PDP-12 Restoration at the RICM

Paul Koning paulkoning at comcast.net
Tue Oct 13 09:54:46 CDT 2015

> On Oct 12, 2015, at 9:16 PM, Rich Alderson <RichA at LivingComputerMuseum.org> wrote:
> ...
> The M tracks are longitudinally encoded (6-bit values chosen such that they
> read the same as NRZ backwards and forwards for DECtape, 4-bit values for
> LINCtape) to predefine blocks (cf. disk sectors) for data.

More precisely: it's Manchester encoding, not NRZ.  The result is that mark track codes are complemented and reversed end for end if you read them in the opposite order.

The code choices are such that this process (obverse complement) produces another code word with the right meaning for this spot of the tape in that direction.  So "in the data field of the block" reads the same in both directions.  But "block start" in one direction reads as "block end" in the other, which is just the result you want.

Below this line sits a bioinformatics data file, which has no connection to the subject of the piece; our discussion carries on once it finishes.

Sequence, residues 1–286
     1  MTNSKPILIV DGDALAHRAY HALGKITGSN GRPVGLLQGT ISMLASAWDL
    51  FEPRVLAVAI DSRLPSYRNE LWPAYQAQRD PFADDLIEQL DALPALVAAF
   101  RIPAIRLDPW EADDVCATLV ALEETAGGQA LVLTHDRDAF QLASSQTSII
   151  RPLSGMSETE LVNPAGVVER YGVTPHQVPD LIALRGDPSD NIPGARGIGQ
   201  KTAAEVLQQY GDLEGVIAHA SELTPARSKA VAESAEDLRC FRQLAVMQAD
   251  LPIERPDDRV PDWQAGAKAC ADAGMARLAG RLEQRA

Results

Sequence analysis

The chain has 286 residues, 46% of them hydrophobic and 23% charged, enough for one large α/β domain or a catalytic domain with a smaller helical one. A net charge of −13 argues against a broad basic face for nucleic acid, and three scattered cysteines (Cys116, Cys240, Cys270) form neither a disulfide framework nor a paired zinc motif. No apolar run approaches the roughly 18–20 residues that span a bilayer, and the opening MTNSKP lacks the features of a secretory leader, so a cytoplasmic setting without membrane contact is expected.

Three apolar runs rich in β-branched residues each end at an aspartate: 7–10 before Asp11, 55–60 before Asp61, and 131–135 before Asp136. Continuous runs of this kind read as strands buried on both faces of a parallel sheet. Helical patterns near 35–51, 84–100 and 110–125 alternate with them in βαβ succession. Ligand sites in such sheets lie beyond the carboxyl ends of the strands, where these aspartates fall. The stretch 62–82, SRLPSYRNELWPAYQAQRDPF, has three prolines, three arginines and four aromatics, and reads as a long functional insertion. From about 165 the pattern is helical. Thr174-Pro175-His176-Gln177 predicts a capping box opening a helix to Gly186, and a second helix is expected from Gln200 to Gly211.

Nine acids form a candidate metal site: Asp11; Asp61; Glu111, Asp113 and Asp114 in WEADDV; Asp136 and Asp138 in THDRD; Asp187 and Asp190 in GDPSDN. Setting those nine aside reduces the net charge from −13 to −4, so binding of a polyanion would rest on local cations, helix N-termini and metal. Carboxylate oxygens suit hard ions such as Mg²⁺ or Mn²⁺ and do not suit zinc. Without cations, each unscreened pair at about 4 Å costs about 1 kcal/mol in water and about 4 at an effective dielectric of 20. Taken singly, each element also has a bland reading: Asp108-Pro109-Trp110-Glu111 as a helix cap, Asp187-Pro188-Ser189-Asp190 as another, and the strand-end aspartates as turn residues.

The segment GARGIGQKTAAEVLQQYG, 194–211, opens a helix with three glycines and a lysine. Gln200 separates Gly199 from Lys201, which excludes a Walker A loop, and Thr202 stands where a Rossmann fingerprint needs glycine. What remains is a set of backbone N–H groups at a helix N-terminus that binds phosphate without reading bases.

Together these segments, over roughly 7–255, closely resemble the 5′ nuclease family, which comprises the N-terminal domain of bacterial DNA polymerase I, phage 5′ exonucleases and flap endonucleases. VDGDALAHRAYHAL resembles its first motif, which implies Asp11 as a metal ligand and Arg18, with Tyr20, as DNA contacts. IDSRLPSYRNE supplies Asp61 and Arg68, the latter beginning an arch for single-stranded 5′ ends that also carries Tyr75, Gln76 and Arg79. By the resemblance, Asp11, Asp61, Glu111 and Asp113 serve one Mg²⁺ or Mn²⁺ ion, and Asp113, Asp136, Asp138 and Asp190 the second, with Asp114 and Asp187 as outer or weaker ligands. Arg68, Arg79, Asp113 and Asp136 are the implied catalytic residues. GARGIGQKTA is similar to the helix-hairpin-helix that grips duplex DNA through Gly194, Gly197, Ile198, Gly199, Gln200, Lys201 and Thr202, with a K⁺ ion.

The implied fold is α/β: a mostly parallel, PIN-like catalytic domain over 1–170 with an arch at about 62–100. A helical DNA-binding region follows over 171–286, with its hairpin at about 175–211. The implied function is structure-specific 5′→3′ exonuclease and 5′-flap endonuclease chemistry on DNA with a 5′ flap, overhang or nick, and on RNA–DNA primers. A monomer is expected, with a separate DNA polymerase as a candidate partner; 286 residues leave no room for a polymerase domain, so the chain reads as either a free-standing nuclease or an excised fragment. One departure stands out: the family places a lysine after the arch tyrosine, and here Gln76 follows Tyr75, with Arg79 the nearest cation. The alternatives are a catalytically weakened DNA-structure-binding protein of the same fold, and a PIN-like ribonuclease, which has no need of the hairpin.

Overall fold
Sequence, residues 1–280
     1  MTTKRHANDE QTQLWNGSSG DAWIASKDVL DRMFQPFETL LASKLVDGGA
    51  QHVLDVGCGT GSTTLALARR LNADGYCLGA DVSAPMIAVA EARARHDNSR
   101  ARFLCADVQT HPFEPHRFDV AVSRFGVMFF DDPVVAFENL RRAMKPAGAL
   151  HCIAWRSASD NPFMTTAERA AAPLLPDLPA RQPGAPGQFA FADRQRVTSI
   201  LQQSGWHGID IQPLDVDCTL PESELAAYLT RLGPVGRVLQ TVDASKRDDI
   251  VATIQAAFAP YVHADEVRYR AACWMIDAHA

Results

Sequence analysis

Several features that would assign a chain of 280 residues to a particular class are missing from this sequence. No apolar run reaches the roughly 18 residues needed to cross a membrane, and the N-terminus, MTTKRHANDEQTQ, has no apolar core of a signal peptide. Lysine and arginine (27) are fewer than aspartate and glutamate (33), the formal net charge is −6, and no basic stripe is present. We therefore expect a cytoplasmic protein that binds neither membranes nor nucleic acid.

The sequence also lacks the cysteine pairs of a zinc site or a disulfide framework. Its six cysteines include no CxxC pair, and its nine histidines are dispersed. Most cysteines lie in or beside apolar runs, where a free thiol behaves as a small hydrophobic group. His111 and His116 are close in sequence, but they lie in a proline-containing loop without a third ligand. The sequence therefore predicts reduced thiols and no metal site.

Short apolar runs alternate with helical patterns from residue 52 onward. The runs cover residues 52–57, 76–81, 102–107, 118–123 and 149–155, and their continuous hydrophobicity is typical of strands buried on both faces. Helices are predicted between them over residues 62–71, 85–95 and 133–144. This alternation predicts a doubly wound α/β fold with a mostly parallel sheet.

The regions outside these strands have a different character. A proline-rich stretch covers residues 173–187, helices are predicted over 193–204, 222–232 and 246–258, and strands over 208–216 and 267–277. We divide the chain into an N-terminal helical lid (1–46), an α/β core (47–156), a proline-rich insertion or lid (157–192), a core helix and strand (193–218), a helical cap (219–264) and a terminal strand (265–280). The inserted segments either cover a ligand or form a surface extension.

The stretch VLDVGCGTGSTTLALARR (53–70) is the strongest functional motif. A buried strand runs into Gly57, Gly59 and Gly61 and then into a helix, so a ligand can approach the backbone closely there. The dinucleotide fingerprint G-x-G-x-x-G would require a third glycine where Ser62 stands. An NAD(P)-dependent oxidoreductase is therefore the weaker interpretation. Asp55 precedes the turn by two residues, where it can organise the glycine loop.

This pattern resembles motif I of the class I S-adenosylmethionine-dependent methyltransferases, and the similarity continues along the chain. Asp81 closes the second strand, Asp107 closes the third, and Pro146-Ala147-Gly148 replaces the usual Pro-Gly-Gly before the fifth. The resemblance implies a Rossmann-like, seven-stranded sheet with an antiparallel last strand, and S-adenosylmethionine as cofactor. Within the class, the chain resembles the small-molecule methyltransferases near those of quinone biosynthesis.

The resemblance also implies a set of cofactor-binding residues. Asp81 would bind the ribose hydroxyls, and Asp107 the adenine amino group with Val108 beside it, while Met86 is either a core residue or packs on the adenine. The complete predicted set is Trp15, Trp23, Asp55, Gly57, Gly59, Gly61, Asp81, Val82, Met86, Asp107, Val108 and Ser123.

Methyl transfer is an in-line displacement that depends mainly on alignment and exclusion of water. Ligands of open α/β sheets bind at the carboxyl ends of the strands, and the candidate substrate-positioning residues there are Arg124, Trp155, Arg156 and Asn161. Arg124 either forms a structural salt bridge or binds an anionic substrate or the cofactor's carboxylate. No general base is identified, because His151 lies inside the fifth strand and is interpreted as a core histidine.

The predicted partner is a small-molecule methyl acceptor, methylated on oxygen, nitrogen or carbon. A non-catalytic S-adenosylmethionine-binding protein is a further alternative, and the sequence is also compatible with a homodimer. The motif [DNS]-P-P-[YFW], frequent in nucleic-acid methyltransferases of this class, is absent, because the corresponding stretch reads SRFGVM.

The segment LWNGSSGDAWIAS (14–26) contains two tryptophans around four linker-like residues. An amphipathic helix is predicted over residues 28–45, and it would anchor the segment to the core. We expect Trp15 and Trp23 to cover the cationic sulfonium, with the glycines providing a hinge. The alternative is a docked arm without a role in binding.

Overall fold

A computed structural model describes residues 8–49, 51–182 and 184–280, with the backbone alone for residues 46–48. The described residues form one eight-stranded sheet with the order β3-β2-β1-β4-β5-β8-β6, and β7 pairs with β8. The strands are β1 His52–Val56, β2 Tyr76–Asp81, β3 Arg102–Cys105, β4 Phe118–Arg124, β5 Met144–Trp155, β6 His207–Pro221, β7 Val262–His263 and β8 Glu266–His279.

The DECtape patent (3,387,293 -- on bitsavers among other places) describes this very nicely.


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